Hey RNH, this is right up your alley. I’m sure you’ve heard that before, in fact I think I’ve heard you say something similar to it. What are these tax breaks and subsidies big oil gets? And are they special, as in only big fossil fuel gets them? I am genuinely curious. Curious to see if you guys know what they are and can point them out. Or if you are both spouting propaganda BS.

        • Fietser

          Just something the IEA said about fossil fuel subsidies.

          http://www.reuters.com/article/2011/10/04/us-iea-idUSTRE7931CF20111004

          Carbon tax will benefit the poor as the tax goes back to the public (best is that a deal can be struck here), and the rich generate the most tax as they pollute the most.

          • PaulC

            Yeah, while the electricity and energy costs of the poor skyrocket.

  • Ian Coleman

    I can tell you what the end-of-the-world enthusiasts consider a subsidy, Neillo. It goes like this: Free markets do not reflect the true costs of burning fossil fuels. Petroleum and coal companies are allowed to sell their products which, when consumed, cause untold trillions of dollars in costs in human health and environmental damage, and governments pay those costs in the form of medical benefits, and eventually measures to deal with the effects of global climate change. Hence, subsidies. Therefore it is only just that those who profit from the sale of petroleum and coal be taxed (a “carbon tax”, which sounds less direct than, say, a gasoline tax, or a home-heating oil tax) with the proceeds of the tax to be paid back to citizens in various ways.

    It is not just people on the political left who go for this. David Frum, a noted neoconservative who is always on the lookout for an excuse to cut income taxes, says that a carbon tax could be made revenue neutral by reducing marginal rates. See? Once you have established a rationale for lifting billions of dollars in revenues from somebody who has the money to pay, everybody wants a cut for themselves and their friends. For people on the right, a carbon tax yields a double benefit: The affluent get a tax cut and gas becomes so expensive that a lot of annoying less-affluent people can’t afford to drive, and cease to clutter up the roads with their proletarian Chevies and Fords.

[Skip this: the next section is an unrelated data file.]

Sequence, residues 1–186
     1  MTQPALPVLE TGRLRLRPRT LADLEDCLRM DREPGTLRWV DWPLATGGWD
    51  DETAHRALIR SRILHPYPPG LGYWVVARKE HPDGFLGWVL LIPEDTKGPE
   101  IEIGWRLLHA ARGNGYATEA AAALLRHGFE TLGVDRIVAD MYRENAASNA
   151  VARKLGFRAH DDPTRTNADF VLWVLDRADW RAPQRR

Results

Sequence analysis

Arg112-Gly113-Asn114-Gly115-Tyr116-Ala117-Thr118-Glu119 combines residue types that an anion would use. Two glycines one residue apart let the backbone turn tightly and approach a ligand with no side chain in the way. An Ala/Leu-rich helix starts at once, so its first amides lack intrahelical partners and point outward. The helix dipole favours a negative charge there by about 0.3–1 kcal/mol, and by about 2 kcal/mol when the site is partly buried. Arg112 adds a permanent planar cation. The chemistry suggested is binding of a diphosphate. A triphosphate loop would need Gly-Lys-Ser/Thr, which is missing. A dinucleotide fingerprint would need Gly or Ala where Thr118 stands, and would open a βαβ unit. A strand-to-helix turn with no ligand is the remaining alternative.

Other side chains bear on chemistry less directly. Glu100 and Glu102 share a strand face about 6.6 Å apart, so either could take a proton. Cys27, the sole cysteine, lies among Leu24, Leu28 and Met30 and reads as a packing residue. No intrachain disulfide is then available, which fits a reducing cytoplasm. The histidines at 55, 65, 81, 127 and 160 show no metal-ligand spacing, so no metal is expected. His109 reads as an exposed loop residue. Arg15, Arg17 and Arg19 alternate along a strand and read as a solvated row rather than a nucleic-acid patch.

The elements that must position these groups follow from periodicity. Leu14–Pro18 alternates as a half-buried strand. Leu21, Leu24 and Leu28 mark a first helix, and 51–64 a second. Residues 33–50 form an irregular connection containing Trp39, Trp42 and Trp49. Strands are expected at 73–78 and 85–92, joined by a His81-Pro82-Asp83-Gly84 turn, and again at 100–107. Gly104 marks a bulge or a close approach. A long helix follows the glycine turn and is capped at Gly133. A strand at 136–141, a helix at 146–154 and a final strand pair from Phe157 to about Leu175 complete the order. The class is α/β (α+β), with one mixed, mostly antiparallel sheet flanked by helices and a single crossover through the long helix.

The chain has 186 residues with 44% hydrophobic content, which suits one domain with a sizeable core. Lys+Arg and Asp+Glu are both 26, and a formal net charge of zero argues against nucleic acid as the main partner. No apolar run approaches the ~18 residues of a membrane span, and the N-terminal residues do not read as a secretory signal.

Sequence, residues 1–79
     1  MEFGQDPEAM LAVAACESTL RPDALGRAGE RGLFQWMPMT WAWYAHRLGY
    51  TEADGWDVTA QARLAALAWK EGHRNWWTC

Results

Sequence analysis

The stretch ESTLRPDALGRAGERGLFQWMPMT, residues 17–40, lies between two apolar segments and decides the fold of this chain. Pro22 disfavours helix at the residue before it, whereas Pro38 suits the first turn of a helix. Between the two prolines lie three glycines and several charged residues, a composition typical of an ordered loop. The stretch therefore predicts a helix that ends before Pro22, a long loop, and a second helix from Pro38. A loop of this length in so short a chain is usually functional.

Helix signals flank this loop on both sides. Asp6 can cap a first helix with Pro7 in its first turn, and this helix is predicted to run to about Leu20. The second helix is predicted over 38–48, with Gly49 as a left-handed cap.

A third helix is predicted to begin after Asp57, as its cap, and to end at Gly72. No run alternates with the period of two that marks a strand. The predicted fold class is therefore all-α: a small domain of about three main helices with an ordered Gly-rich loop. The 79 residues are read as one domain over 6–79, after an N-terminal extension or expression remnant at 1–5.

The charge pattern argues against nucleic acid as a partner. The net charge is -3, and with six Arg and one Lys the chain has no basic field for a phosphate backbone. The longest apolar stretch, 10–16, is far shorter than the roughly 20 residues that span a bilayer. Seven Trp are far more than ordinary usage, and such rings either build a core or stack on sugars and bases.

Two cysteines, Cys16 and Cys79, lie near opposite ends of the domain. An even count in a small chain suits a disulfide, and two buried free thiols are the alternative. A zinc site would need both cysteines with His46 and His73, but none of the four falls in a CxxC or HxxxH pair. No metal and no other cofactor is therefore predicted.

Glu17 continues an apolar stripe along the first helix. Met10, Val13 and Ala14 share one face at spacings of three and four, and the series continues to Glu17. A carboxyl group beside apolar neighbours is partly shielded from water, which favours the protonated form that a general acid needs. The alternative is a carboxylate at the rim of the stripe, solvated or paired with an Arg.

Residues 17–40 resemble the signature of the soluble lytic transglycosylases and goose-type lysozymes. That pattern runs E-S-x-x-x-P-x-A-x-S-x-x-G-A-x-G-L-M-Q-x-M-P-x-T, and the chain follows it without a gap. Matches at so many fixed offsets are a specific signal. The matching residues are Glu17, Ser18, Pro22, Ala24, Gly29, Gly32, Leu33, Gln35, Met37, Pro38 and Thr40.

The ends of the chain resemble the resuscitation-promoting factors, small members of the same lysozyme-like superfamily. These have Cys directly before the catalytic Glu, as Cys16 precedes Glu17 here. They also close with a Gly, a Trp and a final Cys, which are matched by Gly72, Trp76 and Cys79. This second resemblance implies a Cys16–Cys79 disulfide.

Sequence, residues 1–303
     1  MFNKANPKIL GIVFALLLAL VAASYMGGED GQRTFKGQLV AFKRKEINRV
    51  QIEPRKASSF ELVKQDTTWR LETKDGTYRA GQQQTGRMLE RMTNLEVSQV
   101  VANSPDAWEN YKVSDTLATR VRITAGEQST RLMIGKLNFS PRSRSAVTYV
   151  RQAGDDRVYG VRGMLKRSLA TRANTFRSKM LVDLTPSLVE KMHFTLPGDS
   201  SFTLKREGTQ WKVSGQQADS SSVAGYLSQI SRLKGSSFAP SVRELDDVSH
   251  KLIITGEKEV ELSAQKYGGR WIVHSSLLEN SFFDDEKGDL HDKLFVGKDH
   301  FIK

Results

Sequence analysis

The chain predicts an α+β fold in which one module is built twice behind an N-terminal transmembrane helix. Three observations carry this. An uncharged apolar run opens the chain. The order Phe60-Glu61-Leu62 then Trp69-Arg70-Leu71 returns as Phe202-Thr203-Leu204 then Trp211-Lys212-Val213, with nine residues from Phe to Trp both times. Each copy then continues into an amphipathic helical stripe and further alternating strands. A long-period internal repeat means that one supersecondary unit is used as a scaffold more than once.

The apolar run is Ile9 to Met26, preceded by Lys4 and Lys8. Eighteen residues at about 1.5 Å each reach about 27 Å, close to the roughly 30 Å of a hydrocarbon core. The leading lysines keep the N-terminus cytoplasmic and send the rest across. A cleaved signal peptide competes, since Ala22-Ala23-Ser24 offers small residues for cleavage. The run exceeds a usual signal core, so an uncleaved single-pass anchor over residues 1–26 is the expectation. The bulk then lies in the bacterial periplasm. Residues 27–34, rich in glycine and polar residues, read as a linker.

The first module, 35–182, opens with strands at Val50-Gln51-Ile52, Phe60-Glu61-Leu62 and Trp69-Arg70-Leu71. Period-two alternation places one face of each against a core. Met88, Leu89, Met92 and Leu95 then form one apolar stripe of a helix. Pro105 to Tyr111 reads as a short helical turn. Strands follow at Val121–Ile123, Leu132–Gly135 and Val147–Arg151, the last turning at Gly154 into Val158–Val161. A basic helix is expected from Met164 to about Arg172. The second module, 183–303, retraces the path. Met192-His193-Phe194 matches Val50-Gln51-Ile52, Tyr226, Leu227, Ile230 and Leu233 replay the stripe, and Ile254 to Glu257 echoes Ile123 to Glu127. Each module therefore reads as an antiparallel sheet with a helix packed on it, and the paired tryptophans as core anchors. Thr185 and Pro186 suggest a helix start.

I assure you that I oppose a carbon tax. Of course, I go along with you here that anthropogenic global warming is an extremely entertaining fiction. It’s like the Y2K computer bug, or the heterosexually driven AIDS epidemic, both of which were just plausible enough that educated people fell for them.

    • Well, that makes it about as clear as mud, but thanks. I do appreciate the effort though I wanted Shyster to explain it because I think he’s just repeating propaganda and has no idea of what he’s talking about.

    • Fietser

      Ian, not really. The fossil-fuel support policies that governments use include direct subsidies, intervention in markets in ways that affect costs or prices, assumption of a part of companies’ financial risks, tax reductions or exemptions, and under – charging for the use of government – supplied goods, services or assets.

      Now tell me how you mixed that up with medical benefits? Or is this your personal imagination?

  • Ian Coleman

    I’m going to have to concede you your points (seriously and without sarcasm, this time), Fiester.